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In August 2017, the American Nurses Association (ANA) Board of Directors approved the inclusion of an additional component to ANA’s newly revised recognition of a nursing specialty, approval of a specialty’s scope of practice statement, and acknowledgment of standards of a specialty practice program. The new component, affirmation of focused practice competencies, provides a formal review process for identifying the specific knowledge, skills, abilities,accountability, and judgment deemed important for professional practice success, interprofessional collaborative practice and team success, and achievement of defined outcomes.
The American Nurses Association (ANA) expressed outrage that a registered nurse (RN) was handcuffed and arrested by a police officer for following her hospital’s policy and the law, and immediately called for the Salt Lake City Police Department to conduct a full investigation, make amends to the nurse, and take action to prevent future abuses.
“Doing the right thing is not easy, but it needs to be done,” observed Captain Jacqlyn Sanchez, RNCOB, as she recalled a difficult time in her career with the U.S. Air Force. “My decisions were not popular at that time,” she said, “and I felt defeated and powerless.” Fortunately, a close friend and fellow nurse, Major (Ret.) Dana Albalate, gave Sanchez the motivation she needed to make those hard decisions and move forward. “She told me, ‘Just be yourself,’” Sanchez explained. “‘Your work will speak for itself.’”
The central dogma of biology (deoxyribonucleic acid [DNA] to ribonucleic acid [RNA] to protein) was first described in 1957, before the current average-aged 50-year-old nurse was born. And it wasn’t until 2008 that genetics was considered essential to nursing education, when most experienced nurses were already at least 45. In other words, many nurses have minimal genetics education and may not feel comfortable incorporating genetics assessment and implications into a patient care plan.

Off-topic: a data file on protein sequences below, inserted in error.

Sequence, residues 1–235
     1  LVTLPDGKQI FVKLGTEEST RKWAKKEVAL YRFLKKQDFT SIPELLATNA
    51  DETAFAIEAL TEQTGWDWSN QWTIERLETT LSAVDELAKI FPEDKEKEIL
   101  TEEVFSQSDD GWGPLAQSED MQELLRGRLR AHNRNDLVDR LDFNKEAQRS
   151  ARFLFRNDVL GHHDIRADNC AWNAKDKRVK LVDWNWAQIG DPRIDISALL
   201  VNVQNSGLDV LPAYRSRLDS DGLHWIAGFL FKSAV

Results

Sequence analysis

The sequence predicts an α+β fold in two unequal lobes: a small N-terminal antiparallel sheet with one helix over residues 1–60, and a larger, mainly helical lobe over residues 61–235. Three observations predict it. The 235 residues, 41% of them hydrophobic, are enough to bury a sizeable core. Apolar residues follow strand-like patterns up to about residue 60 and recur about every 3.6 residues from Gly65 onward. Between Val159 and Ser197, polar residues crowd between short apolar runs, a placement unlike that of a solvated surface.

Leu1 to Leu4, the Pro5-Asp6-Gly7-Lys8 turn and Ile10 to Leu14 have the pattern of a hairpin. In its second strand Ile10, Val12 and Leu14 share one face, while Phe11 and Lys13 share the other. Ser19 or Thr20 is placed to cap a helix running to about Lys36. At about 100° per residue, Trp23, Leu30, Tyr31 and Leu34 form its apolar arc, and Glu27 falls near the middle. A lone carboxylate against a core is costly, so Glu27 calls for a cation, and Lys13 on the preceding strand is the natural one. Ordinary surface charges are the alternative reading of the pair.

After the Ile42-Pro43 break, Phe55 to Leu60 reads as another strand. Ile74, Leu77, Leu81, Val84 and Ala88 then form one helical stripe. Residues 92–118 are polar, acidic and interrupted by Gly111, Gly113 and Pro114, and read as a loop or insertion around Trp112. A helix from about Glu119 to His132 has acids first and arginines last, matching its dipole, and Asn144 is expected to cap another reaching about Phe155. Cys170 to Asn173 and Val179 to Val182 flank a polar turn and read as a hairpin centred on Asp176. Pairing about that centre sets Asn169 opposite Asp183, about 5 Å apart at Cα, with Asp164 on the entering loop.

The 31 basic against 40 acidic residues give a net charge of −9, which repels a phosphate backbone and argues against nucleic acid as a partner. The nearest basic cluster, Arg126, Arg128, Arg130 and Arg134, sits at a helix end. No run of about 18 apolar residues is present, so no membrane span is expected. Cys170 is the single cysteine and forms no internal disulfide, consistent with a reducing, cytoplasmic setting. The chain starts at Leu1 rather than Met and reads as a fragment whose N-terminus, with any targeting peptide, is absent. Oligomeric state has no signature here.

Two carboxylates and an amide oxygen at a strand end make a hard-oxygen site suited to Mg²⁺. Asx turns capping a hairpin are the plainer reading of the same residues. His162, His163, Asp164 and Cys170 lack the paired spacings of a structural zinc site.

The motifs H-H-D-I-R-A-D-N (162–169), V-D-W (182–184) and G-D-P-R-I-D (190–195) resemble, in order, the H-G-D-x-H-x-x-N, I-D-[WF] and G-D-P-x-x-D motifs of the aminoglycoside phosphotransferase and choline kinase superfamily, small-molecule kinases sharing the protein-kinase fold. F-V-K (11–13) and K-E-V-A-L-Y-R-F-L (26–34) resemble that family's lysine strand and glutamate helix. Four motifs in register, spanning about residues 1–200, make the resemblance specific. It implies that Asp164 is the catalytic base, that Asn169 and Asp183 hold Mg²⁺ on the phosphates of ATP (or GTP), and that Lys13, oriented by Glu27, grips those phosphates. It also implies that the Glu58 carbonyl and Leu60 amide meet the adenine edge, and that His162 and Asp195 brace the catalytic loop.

Fatigue is common among shift-work nurses, and longer shifts and overtime are associated with increased patient errors and undesirable nurse health outcomes. Consistent with the American Nurses Association’s 2017 focus on the healthy nurse, one of the best ways for a workplace to promote nurse health is with its scheduling practices.
According to the Huffington Post, “A recent survey by the World Economic Forum found that 86 percent of respondents believe we are suffering a global leadership crisis…. The world is in crisis mode and there are few effective leaders to be seen.” One of the gifts of aging is that one has a great deal of hindsight, which improves insight, and gives one just a tad of foresight. All of which leads me to ruminate on leadership, especially in health care.
I watched with great pain the damage, and for many the devastation, created by Hurricanes Harvey and Irma. I was reliving August 29, 2005, when Hurricane Katrina destroyed my hometown and changed normalcy for my family forever. Twenty-six of my New Orleans family members—stripped of incomes, homes, schools, familiar medical and dental services, normal daily schedules, and social networks—called our Southlake, TX, home their home for many months.